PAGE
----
Interesting Facts About Mountain Gorillas

Get all the facts about the mountain gorillas of Uganda and find out how these primates survive as you plan for your next gorilla adventure.

Prominence: Threatened species description:
A gorilla is an enormous tail-less ape which is covered with black hair. The type of gorilla found in Uganda is the mountain Gorilla and this differs from the West African forest gorilla in size. From the three gorilla sub species in the world, the mountain gorilla is the largest and rarest and is remarkably the strongest, with a short trunk and a broad chest and shoulders.

Where to find mountain gorillas
This endangered species can be found in the Central African Republic, South western Uganda and in Rwanda. They are found in four national parks of Bwindi Impenetrable National park, Mgahinga National park, Volcano National park and Virunga National park.

The world famous Bwindi Impenetrable National park lies in South western Uganda on the edge of the rift valley and is a home of about 480 mountain gorilla species. Mgahinga National park is located high in the clouds, at an altitude of between 2,227 meters and 4,127m and was created to protect these rare primates inhabiting the dense forests.

Magnitude, population and life span of a mountain gorillas:
A Silver back normally stretches six feet tall when it is standing straight, balancing approximately four hundred to five hundred pounds. This makes it the largest great ape bigger than chimpanzees. The females are relatively lesser compared to the males and stand an average of about four to five feet, weighing about one hundred fifty to two hundred pounds. Following a census which was conducted in 2011 in Bwindi Impenetrable National Park, the confirms a minimum population of about 400 gorillas and their is 53 years in captivity.

Well, females get matured at the age of seven years though they do not produce until they are ten years of age and one silver back mates with several females. The males usually mature later than females and are very strong enough to reproduce between fifteen and Twenty years of age, with young ones being breed year round. They breed at the age of 10 (females) with a gestation period of eight to nine months

Diet and Eating habits of Mountain gorillas:
Food preferences
The food of mountain gorillas vary by category and seasonality. The western low land eats parts at least 97 plant species with about 67 percent of their diet being fruits, 17 percent being leaves, stems and seeds and only 3 percent being caterpillars.

Food Intake and methods of collecting food
A mature male swallows more than 18 kilograms of vegetation per day and drink rarely in the wild because they eat delicious vegetation that is composed of almost half water as well as morning dew. They usually use their incredible strength to break apart vegetation and eat only the leaves, pith, stalk or roots of a particular plant. They do not over  exploit an area for food where crop vegetation in a manner that allows for quick replenishment. In their diet, 86 percent is composed of leaves, 7 percent is composed of roots, 3 percent is composed of flowers and 2 percent is composed of snails and grubs. They use their absurd strength to break apart vegetation and an adult can shred apart a whole banana tree to get the interior tender pith.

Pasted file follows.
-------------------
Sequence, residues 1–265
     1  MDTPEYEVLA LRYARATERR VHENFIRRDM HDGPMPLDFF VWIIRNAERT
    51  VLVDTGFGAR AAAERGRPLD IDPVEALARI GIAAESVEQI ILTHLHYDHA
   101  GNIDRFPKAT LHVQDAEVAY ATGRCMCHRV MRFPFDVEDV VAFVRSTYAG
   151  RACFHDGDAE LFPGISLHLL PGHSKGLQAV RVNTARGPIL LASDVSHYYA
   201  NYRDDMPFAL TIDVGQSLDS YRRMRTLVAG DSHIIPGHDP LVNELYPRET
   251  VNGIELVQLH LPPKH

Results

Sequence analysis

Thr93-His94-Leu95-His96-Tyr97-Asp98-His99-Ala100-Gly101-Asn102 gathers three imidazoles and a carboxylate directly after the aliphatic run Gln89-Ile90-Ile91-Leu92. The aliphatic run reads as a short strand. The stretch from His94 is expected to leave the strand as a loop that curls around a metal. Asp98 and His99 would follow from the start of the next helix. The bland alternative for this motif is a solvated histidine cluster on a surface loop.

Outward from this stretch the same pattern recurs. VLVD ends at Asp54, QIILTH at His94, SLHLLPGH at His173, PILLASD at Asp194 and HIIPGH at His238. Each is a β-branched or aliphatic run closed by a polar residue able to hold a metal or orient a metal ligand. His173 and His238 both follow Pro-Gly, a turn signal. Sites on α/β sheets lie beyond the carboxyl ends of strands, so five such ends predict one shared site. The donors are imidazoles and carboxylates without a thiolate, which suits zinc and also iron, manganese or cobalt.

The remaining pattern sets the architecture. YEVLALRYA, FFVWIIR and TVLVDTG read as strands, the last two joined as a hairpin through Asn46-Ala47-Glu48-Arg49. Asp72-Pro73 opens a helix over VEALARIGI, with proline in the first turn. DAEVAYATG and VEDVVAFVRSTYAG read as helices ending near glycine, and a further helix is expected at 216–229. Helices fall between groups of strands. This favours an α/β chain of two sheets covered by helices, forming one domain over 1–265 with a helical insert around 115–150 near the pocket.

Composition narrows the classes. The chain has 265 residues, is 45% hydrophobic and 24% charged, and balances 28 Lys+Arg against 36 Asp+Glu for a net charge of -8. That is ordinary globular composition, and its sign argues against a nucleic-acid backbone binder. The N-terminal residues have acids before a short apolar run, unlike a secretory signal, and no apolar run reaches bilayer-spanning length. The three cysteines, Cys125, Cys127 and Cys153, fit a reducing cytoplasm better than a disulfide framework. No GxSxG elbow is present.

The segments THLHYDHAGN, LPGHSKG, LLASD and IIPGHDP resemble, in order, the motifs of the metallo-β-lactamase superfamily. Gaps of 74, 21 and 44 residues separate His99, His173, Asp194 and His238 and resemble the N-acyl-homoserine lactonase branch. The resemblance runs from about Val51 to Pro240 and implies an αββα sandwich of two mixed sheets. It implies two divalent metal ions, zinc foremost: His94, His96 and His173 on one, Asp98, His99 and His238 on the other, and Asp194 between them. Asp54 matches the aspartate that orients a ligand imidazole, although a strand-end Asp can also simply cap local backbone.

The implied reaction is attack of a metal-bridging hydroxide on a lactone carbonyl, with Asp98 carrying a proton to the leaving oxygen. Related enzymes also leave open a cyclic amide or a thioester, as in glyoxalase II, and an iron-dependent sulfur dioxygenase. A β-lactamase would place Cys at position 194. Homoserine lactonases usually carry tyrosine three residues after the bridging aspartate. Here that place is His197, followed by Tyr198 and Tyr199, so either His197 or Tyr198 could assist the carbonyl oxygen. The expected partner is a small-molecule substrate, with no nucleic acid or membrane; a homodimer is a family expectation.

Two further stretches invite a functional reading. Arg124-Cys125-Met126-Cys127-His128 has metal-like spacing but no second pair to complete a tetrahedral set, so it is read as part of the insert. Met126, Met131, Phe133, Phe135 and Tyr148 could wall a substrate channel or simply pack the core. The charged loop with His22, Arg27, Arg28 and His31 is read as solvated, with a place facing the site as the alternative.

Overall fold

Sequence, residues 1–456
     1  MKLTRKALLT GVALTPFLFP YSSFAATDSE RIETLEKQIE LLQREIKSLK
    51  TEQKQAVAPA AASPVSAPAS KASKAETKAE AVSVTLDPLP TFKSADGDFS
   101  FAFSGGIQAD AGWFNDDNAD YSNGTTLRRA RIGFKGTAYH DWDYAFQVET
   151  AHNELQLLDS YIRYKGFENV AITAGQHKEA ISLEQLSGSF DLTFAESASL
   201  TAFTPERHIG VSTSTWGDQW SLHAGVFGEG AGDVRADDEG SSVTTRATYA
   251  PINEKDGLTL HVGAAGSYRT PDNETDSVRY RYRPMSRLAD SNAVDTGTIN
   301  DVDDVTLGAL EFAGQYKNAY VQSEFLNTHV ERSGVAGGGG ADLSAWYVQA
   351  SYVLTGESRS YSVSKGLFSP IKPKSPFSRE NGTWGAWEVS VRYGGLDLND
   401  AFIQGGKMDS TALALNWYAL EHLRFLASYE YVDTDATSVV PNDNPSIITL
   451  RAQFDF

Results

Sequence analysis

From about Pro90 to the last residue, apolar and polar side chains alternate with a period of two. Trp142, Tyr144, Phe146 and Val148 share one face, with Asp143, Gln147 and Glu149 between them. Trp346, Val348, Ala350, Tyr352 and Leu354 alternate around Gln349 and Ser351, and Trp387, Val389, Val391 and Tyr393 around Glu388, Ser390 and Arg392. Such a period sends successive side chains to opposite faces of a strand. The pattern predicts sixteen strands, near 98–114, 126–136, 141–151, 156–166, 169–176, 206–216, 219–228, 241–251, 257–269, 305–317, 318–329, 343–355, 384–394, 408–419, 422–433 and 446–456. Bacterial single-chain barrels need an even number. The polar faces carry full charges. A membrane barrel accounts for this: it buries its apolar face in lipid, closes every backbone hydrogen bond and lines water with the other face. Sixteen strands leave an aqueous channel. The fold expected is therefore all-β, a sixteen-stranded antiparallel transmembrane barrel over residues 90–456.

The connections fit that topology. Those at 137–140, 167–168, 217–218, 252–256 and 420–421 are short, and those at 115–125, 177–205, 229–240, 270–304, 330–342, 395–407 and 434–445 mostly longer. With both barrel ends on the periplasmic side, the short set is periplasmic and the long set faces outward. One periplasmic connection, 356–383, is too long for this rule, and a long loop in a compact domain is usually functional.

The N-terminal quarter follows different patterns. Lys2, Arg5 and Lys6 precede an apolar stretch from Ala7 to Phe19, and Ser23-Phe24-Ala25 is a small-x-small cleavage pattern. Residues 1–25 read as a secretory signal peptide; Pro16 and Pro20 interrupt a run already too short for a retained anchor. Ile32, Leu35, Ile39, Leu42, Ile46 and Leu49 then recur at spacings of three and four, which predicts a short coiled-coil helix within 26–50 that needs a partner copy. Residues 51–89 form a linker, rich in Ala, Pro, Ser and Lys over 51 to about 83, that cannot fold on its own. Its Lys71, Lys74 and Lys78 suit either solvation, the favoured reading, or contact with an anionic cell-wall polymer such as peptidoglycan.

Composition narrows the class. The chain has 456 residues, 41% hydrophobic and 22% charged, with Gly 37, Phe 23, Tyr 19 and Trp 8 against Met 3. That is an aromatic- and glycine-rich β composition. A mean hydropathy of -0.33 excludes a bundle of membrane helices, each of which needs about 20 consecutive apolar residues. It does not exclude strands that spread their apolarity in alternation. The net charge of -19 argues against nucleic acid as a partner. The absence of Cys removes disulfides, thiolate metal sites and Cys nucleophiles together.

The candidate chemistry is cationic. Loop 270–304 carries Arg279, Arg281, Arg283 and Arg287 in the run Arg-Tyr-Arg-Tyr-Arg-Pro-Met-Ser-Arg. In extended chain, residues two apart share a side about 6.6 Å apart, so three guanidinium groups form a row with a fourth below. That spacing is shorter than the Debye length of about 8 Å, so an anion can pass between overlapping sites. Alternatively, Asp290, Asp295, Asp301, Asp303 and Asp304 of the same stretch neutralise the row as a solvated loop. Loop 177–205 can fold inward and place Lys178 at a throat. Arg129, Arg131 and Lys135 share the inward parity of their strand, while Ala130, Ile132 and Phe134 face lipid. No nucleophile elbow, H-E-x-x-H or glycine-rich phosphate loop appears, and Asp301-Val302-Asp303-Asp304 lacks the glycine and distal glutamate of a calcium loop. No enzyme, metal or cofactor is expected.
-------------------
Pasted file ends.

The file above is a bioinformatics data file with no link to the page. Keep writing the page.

Senses of Mountain gorillas
Brightness of mountain gorillas is always limited by dense flora, hearing is important for these elegant apes to locate another and to detect danger. They appear to reply to unusual noises that are not part of their normal activity.

Eye sight
Mountain gorillas have a good vision which is used for finding and recognizing diet and to detect movement. Throughout the daytime, herbivores perhaps have color vision which is a useful adaption for finding ripening fruits in treetops.

They have got good intellect of smell and are very able to detect strong odors in the environment such as human sweat or the musk of an unknown ape. In most cases, males use females odor to determine her reproductive status.

Fears to the survival of mountain gorillas:
The main threat to these primates comes from forest clearance which comes as a result of human population struggling to earn a living in search of land for agriculture and competition for resources such as firewood. Since they are closely related to humans with similar anatomical and physical features it makes gorillas vulnerable to diseases which affect humans.

Conservation efforts to mountain gorillas:
Active conservation
Active protection of the primates include frequent patrols in wildlife areas, which destroys poacher equipment and weapons, prompt law enforcement, census counts in regions of breeding and ranging concentration, strong safe guards for the limited habitat that animals occupy.

Community – based conservation
Community based preservation includes protection for involving the local community in the practice of conservation. The process seeks equity in meeting the needs of the people who stay with tourism resources and preserving the protected area as well. The local people need to be involved in verdict making process.

The future of mountain gorillas
It has been found out that many people now acknowledge that, to achieve success in any future conservation efforts of mountain gorillas, all stake holders must be involved. Since humans are very close to the proximity of the apes, it is important that conservation accomplishment widely use rain forest resources.

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